Some model codes require that a permanent platform be installed to access the backflow preventer if it is installed more than five feet above the floor. Any installation in a pit or vault should be avoided if the vault is subject to flooding. Remember that test cocks are water outlets, and when submerged are technically a cross-connection.

A reduced pressure principle assembly (RP) is the second backflow preventer that provides protection from backpressure and backsiphonage. At first glance, it is similar in appearance to a DCVA with the exception of a hydraulically independent relief valve. The valve will vent fluid between the two checks to the atmosphere when an internal failure occurs. Because of this feature, an RP is considered adequate protection for both health (high) and non-health (low) hazard applications.

Whether the RP is installed as a service connection (containment) backflow preventer or a point-of-use (isolation) assembly, several issues must be taken into consideration. As mentioned above, the assembly will discharge a significant volume of water/fluid. For example, a four-inch (NPS) assembly installed at a location with 75psi line pressure may discharge 500 gpm given a catastrophic failure. Most small buildings are not provided an 8-inch drain to accommodate that flow. Further, what fluid is being discharged? Can it flow to the sanitary sewer or must it be captured and treated prior to its release?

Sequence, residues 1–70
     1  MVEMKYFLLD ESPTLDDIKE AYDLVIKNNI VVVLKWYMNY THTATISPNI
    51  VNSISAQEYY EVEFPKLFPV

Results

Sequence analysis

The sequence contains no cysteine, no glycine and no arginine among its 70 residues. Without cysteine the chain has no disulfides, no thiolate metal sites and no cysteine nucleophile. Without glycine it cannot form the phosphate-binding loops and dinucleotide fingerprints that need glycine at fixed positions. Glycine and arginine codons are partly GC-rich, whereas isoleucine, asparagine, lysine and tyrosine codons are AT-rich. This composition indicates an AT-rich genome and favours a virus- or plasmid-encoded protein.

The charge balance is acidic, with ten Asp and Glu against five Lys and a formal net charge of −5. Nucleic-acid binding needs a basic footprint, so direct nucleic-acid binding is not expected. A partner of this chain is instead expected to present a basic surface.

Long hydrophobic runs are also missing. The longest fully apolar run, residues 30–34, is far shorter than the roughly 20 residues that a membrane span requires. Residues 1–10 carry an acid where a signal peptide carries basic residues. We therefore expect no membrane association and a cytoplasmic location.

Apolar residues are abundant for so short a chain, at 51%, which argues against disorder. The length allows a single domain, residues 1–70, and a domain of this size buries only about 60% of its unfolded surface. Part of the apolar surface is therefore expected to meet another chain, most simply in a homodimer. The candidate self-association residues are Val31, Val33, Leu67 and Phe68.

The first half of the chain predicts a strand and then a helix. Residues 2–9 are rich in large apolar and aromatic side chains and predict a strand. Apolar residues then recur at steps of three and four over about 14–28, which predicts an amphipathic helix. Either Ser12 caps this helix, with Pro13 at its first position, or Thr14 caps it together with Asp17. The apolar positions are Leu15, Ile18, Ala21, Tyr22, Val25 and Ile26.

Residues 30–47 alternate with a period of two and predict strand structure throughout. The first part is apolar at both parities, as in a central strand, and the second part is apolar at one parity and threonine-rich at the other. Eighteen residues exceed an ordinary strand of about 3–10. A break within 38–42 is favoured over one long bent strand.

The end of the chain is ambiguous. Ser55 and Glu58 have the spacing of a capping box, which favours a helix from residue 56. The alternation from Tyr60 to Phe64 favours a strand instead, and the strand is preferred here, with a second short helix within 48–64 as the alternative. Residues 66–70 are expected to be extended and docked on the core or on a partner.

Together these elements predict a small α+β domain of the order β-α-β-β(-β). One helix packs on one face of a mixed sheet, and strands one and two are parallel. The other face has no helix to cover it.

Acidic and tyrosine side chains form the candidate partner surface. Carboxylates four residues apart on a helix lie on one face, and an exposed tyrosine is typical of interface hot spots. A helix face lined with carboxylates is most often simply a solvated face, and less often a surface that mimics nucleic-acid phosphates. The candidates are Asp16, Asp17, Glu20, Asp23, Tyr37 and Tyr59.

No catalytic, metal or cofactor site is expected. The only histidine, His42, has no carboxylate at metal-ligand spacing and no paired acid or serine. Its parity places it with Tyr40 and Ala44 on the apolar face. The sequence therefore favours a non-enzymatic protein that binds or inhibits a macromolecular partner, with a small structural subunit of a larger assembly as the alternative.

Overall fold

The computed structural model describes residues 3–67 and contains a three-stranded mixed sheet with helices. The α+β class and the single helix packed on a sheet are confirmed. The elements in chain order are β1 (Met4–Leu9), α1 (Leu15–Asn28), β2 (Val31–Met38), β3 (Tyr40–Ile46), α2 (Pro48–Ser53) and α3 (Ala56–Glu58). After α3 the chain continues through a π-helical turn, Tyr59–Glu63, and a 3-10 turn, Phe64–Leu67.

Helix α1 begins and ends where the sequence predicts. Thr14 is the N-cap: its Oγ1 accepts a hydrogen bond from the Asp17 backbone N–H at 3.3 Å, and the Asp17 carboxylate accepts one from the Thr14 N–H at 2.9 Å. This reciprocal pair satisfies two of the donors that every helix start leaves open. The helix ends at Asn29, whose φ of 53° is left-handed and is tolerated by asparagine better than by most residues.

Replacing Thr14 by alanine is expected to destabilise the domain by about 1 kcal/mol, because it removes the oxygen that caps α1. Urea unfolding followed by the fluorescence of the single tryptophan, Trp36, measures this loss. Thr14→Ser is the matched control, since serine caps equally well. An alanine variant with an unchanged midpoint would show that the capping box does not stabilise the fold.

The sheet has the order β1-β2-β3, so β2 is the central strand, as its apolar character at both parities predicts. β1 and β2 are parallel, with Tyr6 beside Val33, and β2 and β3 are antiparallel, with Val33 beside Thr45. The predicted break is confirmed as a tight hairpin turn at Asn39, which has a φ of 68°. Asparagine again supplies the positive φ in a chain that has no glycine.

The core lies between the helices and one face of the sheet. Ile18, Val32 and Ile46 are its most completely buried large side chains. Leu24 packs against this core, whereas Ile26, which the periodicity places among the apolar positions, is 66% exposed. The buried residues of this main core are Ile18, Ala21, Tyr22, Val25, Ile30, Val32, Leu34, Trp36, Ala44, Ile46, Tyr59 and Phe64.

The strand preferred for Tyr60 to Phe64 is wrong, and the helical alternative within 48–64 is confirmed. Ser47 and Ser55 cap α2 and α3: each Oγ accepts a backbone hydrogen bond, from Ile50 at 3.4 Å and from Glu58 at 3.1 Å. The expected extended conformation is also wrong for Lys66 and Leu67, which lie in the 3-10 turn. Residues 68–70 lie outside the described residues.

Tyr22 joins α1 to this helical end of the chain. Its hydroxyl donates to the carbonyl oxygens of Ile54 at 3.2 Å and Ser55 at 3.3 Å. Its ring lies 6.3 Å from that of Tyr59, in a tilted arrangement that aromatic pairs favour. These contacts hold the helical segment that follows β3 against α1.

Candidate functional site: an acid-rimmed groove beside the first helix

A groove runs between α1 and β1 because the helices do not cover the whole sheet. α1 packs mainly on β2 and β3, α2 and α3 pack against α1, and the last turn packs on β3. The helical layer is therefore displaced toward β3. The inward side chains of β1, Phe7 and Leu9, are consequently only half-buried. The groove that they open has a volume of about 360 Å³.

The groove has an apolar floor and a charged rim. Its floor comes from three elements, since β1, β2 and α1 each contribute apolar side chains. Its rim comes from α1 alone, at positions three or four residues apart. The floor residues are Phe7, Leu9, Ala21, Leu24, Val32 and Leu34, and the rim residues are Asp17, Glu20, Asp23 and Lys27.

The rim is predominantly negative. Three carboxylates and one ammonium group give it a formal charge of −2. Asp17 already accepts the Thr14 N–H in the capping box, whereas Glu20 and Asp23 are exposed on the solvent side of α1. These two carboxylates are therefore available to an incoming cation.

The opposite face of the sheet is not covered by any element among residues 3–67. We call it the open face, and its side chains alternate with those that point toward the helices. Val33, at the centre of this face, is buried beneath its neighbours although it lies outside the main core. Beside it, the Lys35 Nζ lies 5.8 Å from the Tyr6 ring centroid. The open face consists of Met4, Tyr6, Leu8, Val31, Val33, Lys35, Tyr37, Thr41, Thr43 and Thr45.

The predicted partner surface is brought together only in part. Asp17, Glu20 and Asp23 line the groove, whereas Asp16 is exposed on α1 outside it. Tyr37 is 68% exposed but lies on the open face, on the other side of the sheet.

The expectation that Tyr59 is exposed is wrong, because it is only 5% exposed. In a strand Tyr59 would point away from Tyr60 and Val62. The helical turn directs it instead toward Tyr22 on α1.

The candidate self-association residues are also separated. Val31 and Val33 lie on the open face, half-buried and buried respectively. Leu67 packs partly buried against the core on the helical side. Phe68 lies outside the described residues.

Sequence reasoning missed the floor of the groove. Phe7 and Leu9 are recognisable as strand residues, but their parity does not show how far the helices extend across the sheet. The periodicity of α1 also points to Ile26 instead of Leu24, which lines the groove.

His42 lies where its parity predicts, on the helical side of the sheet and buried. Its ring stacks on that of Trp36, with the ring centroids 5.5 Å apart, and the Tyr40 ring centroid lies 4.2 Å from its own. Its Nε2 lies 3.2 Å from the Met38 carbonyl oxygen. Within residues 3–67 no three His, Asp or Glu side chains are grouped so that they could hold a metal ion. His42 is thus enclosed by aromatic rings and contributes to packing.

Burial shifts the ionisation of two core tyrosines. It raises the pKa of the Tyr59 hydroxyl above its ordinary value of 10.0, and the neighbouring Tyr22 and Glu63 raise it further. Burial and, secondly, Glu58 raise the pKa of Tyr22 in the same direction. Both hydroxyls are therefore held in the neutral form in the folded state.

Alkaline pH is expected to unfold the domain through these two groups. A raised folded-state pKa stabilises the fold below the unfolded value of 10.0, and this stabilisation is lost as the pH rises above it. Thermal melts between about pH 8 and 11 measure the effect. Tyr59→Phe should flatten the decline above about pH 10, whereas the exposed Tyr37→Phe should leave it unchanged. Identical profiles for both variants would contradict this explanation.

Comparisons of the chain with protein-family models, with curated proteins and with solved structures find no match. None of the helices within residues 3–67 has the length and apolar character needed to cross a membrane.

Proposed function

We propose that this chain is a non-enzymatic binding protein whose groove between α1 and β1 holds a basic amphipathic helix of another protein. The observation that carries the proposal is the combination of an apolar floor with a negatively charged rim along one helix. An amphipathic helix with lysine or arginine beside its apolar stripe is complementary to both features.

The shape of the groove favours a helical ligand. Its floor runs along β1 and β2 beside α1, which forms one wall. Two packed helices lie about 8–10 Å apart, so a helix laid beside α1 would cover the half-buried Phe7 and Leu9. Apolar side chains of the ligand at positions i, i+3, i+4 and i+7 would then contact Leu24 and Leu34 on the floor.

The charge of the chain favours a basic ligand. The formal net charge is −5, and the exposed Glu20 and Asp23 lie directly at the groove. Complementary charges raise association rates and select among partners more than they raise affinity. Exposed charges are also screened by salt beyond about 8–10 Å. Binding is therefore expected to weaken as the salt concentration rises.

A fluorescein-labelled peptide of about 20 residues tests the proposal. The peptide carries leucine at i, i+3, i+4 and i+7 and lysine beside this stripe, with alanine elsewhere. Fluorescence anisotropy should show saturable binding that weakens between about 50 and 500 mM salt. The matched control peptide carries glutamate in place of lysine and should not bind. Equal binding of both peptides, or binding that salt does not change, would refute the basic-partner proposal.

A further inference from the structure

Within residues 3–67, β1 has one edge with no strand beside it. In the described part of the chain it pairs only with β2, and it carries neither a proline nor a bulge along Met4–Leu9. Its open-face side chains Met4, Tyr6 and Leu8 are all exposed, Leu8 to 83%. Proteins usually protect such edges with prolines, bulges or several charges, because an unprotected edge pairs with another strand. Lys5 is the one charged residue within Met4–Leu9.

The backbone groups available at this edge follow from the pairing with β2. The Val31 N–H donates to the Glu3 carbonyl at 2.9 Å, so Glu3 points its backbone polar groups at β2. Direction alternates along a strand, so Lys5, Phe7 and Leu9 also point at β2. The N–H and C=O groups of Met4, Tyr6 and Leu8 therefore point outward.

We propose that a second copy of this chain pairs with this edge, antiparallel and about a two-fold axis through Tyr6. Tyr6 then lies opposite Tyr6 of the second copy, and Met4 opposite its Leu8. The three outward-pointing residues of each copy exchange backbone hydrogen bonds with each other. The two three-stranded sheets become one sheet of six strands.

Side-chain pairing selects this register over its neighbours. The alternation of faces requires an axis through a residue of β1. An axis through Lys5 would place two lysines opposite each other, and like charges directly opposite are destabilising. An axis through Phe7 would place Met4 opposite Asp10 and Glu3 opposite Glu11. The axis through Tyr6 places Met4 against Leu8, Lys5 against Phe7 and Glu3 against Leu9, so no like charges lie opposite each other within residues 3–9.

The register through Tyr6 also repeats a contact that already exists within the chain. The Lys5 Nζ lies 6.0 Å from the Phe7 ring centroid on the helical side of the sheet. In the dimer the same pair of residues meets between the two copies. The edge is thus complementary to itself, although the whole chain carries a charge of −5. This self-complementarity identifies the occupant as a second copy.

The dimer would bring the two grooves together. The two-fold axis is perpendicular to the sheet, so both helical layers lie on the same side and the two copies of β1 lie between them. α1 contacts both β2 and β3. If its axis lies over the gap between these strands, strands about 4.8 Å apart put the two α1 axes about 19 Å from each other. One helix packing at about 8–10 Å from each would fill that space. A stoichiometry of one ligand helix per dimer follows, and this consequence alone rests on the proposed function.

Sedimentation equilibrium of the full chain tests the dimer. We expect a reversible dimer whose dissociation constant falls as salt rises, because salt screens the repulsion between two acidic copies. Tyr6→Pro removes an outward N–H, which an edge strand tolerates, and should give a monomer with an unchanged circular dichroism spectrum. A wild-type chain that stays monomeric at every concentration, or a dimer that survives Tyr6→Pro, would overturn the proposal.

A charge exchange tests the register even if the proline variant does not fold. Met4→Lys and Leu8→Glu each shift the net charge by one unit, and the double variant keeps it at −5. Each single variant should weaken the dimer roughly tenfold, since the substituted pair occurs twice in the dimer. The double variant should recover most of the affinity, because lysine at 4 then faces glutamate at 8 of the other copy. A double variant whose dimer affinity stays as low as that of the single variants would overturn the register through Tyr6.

Because of the potential relief valve discharge, RPs will not be located in pits or vaults. When the relief valve is submerged, a cross-connection exists where fluid may aspirate into the piping system.

An RP will almost always be installed horizontally. Like the DC, if it is installed in a vertical orientation, it must be tested and approved for that design. The product performance standard contains a requirement that the relief valve outlet must be lower than the lowest point of the inlet check to provide drainage and no ponding at the check valve outlet.